On Tuesday, North and South Korea will play a football derby like no other, the BBC reports.
It’s not too rare for the two sides to face off – but it’s almost unheard of to play in the North’s capital, Pyongyang. In fact, it has only happened once, in 1990.
There will be no live broadcast, no fans from the South, and no foreign media at all in the stands.
After some progress in 2018 – when sports partly broke the ice – ties between North and South are at a low.
Safe to say, this is a match the home side will not be taking lightly.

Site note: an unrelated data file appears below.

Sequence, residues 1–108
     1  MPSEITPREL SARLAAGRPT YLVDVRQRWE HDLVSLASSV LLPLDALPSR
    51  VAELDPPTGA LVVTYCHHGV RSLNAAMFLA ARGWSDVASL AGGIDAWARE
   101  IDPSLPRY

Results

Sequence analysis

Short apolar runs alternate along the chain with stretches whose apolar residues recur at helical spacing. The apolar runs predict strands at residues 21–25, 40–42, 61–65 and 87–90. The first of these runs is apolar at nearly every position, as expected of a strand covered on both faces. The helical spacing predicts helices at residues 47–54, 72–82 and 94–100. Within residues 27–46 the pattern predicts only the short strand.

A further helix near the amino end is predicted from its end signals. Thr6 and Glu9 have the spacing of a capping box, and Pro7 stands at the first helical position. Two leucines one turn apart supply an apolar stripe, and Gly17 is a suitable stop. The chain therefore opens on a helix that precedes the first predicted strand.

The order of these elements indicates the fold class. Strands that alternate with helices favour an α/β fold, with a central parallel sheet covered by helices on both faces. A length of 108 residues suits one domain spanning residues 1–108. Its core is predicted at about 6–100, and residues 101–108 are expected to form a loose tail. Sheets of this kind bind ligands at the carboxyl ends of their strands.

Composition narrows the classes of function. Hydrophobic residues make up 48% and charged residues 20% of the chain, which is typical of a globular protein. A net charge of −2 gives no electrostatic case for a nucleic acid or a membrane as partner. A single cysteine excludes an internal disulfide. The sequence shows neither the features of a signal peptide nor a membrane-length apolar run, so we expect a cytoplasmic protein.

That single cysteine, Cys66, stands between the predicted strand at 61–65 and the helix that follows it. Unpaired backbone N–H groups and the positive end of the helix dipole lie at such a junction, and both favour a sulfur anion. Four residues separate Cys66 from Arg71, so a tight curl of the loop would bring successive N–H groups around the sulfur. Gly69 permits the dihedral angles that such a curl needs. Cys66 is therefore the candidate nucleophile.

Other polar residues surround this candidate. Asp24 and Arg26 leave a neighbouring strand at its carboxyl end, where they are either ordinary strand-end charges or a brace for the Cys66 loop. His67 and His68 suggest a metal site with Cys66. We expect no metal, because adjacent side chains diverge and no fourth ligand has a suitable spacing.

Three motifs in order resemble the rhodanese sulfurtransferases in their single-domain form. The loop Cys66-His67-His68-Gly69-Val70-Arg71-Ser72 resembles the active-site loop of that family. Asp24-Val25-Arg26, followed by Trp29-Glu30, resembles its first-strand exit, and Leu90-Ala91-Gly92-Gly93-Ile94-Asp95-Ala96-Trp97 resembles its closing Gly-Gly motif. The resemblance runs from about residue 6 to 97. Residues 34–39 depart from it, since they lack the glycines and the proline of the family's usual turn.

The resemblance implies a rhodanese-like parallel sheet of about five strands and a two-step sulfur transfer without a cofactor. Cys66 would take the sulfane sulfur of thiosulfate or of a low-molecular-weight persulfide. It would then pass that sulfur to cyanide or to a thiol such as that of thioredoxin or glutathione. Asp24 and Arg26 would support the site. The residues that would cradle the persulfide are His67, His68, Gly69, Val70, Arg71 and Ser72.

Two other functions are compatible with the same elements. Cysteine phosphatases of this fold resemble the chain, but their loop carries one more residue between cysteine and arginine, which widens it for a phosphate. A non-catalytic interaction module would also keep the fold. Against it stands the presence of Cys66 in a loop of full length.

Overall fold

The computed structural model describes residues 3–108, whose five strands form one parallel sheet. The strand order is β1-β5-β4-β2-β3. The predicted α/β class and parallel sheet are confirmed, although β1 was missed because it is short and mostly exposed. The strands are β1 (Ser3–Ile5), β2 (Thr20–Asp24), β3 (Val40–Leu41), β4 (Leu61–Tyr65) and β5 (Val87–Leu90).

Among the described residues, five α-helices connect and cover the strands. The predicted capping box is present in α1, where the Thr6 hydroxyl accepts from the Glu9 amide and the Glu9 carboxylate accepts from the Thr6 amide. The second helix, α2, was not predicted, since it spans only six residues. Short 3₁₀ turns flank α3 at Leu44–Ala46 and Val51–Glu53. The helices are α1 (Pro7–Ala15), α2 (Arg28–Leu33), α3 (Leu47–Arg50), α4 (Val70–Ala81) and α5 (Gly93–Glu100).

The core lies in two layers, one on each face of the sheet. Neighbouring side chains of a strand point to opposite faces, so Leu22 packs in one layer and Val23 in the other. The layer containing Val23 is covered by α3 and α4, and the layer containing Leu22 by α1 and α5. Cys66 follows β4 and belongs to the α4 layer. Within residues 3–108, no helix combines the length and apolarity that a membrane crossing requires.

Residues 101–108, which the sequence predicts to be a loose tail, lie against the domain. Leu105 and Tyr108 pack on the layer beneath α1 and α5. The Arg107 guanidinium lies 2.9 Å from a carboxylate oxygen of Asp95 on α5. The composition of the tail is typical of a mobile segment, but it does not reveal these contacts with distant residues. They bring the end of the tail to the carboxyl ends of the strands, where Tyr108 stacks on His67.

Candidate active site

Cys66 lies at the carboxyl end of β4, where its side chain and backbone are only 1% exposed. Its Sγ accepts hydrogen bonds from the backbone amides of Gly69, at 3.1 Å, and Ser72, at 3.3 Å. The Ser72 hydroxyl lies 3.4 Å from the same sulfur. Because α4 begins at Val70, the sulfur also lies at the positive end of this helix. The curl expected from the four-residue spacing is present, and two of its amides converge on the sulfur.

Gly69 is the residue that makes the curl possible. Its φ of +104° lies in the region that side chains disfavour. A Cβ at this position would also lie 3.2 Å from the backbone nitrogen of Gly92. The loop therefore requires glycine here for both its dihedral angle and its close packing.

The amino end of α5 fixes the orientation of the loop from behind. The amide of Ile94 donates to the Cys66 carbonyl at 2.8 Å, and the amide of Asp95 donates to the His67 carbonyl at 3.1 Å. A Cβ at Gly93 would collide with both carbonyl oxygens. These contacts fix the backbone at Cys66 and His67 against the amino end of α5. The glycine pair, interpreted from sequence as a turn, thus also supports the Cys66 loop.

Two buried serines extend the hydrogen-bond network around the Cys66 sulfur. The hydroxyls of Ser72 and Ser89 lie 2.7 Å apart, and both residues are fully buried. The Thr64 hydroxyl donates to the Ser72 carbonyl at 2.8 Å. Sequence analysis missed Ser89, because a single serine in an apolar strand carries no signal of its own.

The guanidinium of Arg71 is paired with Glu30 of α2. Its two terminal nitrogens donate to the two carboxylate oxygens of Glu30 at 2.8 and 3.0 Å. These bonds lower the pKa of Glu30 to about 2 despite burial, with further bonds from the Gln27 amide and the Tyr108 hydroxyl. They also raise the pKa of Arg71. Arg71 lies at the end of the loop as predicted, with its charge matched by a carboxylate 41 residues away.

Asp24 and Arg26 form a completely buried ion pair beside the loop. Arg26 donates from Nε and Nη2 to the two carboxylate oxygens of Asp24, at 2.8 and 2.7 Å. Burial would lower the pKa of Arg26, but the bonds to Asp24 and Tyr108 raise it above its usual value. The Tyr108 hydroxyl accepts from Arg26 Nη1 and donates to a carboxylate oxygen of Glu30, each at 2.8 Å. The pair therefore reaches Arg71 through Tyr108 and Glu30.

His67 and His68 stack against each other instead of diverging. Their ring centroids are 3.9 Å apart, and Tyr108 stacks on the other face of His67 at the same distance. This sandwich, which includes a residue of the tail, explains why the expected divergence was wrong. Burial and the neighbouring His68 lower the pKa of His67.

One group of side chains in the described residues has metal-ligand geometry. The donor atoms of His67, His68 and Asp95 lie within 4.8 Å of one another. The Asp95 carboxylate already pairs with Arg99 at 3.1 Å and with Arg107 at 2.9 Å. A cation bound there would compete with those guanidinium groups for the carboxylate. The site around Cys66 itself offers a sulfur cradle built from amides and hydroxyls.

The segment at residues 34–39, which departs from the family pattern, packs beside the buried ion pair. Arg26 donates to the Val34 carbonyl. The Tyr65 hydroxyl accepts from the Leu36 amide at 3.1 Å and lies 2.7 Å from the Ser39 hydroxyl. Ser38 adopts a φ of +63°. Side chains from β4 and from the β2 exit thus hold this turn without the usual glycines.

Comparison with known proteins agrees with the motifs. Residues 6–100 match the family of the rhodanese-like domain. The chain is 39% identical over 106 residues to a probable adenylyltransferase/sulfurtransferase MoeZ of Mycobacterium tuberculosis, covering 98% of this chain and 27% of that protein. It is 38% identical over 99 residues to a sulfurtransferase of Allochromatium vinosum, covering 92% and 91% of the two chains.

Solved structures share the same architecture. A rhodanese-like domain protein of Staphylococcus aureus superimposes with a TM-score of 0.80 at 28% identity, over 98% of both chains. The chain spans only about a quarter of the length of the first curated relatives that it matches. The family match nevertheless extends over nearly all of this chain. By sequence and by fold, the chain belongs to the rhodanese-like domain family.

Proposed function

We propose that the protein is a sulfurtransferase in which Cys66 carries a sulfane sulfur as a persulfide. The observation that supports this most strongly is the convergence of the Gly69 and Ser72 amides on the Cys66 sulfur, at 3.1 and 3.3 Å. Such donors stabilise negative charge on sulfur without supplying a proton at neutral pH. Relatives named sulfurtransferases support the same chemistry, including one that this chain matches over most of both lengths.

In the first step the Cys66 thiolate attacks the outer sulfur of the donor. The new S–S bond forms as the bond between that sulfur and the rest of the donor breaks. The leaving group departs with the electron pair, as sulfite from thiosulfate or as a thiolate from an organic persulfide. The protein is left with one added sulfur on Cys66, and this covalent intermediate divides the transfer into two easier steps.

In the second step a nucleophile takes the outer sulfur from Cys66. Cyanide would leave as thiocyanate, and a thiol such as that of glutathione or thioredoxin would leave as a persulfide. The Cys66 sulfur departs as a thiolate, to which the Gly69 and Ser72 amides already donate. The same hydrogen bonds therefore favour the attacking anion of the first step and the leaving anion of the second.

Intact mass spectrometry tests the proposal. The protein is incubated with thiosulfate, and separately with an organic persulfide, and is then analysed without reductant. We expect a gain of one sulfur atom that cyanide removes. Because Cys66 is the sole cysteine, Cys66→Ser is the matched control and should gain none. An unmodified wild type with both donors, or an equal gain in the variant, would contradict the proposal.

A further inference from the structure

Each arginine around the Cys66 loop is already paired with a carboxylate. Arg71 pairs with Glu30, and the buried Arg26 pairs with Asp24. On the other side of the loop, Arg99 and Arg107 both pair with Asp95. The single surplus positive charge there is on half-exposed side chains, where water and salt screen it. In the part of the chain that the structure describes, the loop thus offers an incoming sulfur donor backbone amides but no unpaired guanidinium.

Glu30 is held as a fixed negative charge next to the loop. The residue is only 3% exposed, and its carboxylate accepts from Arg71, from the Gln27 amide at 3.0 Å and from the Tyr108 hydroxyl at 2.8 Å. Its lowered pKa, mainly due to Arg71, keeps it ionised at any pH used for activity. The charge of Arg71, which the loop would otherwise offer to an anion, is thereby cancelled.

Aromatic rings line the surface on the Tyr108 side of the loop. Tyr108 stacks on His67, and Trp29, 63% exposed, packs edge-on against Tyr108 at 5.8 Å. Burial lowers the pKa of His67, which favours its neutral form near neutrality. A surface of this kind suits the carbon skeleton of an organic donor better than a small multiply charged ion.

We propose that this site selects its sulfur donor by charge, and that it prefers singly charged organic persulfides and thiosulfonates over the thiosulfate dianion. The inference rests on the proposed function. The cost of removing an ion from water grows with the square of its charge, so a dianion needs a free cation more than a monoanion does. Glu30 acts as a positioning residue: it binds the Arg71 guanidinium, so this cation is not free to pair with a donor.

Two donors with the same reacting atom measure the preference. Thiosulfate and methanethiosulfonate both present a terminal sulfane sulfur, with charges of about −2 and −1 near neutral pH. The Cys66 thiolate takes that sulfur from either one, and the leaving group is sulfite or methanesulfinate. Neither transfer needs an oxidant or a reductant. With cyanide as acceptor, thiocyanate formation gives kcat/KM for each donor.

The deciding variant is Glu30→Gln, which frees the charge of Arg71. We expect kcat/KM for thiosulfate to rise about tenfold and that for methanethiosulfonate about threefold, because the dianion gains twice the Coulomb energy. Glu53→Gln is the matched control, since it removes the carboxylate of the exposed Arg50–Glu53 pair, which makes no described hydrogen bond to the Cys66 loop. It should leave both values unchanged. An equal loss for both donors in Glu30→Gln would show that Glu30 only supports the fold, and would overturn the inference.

“Football is the most popular spectator sport in North Korea and sports are hugely important for the North,” Andray Abrahamian, Senior Adjunct Fellow at the Pacific Forum, told the BBC.
“It provides a focal point for pride and patriotism. In a sense, it’s pretty similar to how other countries use sports for social purposes.”
Kick-off between the two men’s national teams will be in the early evening (08:30 GMT), but if you want to follow the match, you’ll have a hard time.
Apart from the fact it isn’t being broadcast live, even international tourists currently in North Korea won’t be allowed to watch the game.